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Hormonal Regulation of Oligodendrogenesis II: Implications for Myelin Repair.

  • Author(s): Breton, Jocelyn M;
  • Long, Kimberly LP;
  • Barraza, Matthew K;
  • Perloff, Olga S;
  • Kaufer, Daniela
  • et al.
Abstract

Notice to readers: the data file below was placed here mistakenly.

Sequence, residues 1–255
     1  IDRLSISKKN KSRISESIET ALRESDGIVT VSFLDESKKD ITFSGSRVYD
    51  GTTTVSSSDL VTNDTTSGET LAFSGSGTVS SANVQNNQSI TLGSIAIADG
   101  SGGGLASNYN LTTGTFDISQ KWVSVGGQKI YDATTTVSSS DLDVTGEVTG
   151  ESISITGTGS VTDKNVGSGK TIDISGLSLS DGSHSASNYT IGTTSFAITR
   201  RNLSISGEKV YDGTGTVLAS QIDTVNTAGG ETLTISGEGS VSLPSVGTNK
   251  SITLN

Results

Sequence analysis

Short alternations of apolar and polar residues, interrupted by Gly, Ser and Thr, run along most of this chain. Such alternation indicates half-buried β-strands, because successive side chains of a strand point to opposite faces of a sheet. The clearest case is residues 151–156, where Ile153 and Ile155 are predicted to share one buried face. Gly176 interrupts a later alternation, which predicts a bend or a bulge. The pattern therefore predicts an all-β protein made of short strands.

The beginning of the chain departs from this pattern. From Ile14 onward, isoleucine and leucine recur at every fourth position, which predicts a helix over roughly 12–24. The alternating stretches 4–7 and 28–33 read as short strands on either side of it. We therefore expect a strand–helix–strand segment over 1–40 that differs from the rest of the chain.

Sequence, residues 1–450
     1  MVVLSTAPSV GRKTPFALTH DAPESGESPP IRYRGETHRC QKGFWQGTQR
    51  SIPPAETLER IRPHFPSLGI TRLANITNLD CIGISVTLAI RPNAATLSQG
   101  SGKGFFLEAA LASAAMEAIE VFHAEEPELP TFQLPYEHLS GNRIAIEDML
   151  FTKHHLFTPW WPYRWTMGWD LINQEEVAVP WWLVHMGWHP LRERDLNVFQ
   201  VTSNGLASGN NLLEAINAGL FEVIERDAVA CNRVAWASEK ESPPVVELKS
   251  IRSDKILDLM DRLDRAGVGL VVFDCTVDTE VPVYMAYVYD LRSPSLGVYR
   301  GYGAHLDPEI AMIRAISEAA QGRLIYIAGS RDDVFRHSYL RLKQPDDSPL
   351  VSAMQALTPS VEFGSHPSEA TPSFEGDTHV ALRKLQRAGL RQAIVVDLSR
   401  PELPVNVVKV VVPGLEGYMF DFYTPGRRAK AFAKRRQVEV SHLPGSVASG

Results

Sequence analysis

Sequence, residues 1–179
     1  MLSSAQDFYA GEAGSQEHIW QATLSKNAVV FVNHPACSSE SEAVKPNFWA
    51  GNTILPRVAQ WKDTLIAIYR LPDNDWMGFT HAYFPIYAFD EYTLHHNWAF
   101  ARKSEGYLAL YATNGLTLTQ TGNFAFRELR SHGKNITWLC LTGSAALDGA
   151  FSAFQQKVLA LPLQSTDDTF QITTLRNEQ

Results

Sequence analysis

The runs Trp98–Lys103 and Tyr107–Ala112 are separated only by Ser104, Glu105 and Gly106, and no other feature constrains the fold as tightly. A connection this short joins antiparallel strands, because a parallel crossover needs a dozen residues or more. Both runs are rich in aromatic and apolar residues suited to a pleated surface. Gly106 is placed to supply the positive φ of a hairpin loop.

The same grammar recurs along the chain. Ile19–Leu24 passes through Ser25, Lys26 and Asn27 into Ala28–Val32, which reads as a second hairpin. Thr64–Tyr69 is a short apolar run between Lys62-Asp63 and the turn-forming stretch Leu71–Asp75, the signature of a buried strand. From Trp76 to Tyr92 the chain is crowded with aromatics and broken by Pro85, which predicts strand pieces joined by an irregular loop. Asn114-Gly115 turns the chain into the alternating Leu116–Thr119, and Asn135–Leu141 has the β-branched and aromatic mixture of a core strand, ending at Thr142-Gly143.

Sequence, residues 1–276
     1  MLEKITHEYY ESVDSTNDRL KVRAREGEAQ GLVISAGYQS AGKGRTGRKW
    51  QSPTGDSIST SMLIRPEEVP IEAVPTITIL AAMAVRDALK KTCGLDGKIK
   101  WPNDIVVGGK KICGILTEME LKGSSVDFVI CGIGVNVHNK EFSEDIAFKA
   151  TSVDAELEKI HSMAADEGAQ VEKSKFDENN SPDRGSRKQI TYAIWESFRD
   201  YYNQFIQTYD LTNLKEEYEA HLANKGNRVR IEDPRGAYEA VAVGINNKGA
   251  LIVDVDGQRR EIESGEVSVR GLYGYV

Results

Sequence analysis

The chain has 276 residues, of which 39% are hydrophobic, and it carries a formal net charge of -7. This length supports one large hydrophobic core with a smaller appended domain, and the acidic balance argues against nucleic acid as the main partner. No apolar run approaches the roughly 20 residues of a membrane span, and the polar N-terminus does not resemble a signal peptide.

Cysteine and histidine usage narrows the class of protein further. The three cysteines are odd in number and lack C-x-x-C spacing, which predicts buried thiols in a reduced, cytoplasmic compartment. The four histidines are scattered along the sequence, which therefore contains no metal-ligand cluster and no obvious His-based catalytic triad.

Alterations in myelin, the protective and insulating sheath surrounding axons, affect brain function, as is evident in demyelinating diseases where the loss of myelin leads to cognitive and motor dysfunction. Recent evidence suggests that changes in myelination, including both hyper- and hypo-myelination, may also play a role in numerous neurological and psychiatric diseases. Protecting myelin and promoting remyelination is thus crucial for a wide range of disorders. Oligodendrocytes (OLs) are the cells that generate myelin, and oligodendrogenesis, the creation of new OLs, continues throughout life and is necessary for myelin plasticity and remyelination. Understanding the regulation of oligodendrogenesis and myelin plasticity within disease contexts is, therefore, critical for the development of novel therapeutic targets. In our companion manuscript, we review literature demonstrating that multiple hormone classes are involved in the regulation of oligodendrogenesis under physiological conditions. The majority of hormones enhance oligodendrogenesis, increasing oligodendrocyte precursor cell differentiation and inducing maturation and myelin production in OLs. Thus, hormonal treatments present a promising route to promote remyelination. Here, we review the literature on hormonal regulation of oligodendrogenesis within the context of disorders. We focus on steroid hormones, including glucocorticoids and sex hormones, peptide hormones such as insulin-like growth factor 1, and thyroid hormones. For each hormone, we describe whether they aid in OL survival, differentiation, or remyelination, and we discuss their mechanisms of action, if known. Several of these hormones have yielded promising results in both animal models and in human conditions; however, a better understanding of hormonal effects, interactions, and their mechanisms will ultimately lead to more targeted therapeutics for myelin repair.

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